How does exercise affect pulse rate?
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How does exercise affect pulse rate? Planning: I am doing an investigation to find out how exercising affects peoples pulse rate. Your pulse is the rate at which blood is pumped around the body by the heart. We measure this in bpm (beats per minute) because this is the most practical way to measure it. The variables that can have an effect are how long a person exercises for, whether the exercise is high or low impact and how fit the person is. The input variable is how much/little the person exercises and the output variable is the persons pulse rate. I am going to investigate if exercising for different periods of time affects somebody's pulse rate. I will do this with a group of five people (including me), each person will exercise for periods of 2, 4, 6, 8 and 10 minutes. We chose these times because we felt that exercising over a 10 minute period will show more changes in pulse rate, exercising for less than 10 minutes may not produce as good results as your pulse rate may not vary as much. People may not be able to exercise constantly for more than 10 minutes so we thought that 10 minutes was an adequate time. Also, we chose to take the pulse every two minutes, rather than every minute so that we can see a bigger change.
We will measure the output variable and control the input variable. So we will control how much exercise the person does (by controlling the amount of time they do it for) and count how many beats per minute their pulse does. To make sure that the method is safe if anyone gets to tired we will make them stop and rest. Here are the results for each person that took part in the experiment: My results: (Resting pulse- 64bpm) Length of time exercising (mins) 1st 2nd 3rd Average 2 103 106 102 103.7 4 121 126 124 123.7 6 131 136 132 133 8 137 139 133 136.3 10 134 136 133 134.3 Jen's results: (Resting pulse- 89bpm) Length of time exercising (mins) 1st 2nd 3rd Average 2 142 145 143 143.3 4 151 154 159 154.7 6 160 161 162 161 8 165 164 162 163.7 10 163 162 164 163 Ruth's results: (Resting pulse- 74bpm) Length of time exercising (mins) 1st 2nd 3rd Average 2 100 118 144 120.7 4 137 136 134 135.7 6 140 142 144 142 8 149 147 150 148.7 10 150 151 148 149.7 Kayleigh's results: (Resting pulse- 76bpm) Length of time exercising (mins) 1st 2nd 3rd Average 2 106 102 103 103.7 4 125 130 129 128 6 135 136 133 134.7 8 134 136 135 135 10 137 138 137 137.3 Claire's results: (Resting pulse- 68bpm)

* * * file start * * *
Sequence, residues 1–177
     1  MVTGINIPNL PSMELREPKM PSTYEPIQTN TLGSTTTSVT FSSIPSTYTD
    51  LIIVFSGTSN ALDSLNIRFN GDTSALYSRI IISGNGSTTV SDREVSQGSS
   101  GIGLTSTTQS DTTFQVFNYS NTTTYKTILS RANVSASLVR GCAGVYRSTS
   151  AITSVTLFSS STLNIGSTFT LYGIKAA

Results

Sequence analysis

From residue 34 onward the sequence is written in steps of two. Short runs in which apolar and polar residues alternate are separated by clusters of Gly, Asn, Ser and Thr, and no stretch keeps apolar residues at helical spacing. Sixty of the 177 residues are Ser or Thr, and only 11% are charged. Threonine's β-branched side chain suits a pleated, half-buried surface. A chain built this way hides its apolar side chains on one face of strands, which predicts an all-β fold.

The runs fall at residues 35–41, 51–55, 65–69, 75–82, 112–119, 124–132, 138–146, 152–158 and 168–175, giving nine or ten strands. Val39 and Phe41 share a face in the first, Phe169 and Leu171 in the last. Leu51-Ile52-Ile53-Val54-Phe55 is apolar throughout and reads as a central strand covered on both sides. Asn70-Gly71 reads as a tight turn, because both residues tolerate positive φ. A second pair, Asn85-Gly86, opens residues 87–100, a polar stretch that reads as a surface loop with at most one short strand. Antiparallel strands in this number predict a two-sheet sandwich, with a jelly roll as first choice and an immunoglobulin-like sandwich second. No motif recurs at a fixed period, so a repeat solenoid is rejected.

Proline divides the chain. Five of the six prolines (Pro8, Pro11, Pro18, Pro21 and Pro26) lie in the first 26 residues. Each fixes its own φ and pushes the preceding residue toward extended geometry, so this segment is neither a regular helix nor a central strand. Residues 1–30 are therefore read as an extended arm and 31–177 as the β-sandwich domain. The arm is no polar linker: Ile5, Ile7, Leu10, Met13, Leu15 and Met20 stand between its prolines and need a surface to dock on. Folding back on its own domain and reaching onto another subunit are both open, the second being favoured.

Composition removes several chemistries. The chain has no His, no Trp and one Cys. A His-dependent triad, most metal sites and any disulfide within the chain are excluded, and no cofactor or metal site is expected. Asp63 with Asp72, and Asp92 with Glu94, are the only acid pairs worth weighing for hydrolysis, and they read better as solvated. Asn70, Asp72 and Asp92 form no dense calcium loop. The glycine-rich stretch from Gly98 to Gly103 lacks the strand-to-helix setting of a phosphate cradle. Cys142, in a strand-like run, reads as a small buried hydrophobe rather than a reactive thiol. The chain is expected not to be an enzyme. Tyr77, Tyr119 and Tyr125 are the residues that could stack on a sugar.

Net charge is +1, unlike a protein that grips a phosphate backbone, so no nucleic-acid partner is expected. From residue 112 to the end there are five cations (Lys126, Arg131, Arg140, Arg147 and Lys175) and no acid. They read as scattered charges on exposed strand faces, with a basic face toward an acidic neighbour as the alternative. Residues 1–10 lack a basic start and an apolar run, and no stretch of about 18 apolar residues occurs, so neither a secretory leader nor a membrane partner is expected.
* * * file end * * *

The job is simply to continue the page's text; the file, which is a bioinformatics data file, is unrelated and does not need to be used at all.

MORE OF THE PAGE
produced the same kind of curve that everybody else's did, but it was just a bit higher. Therefore, although we may have counted a few beats out we could still come up with the same conclusions from the people tested with or without the heart monitor on. I think that the graph would look different if everybody in the group wore a heart monitor because the lines on the graph would be a lot higher up, but the curves would still be the same. The only problem we came across was it being hard to count (ad sometimes locate) your pulse, as just after you exercise it beats very fast so it is hard to count the beats. You can also loose count easily if you get distracted. I think that our experiment went well as we got the results we wanted. If I did the experiment again I would make it so that everybody in the group wore a heart monitor so that we could get a true pulse reading instead of quite a rough count. If a heart monitor was not available to everybody though, to make the results more accurate I would make sure that everybody counts their pulse rate after the 5 minute resting period just to check that it had decreased back down to normal (there was not enough time available to do this in the first experiment). I would also experiment with different types of exercise (high and low impact) to try and find out exactly when your heart rate cannot increase anymore.
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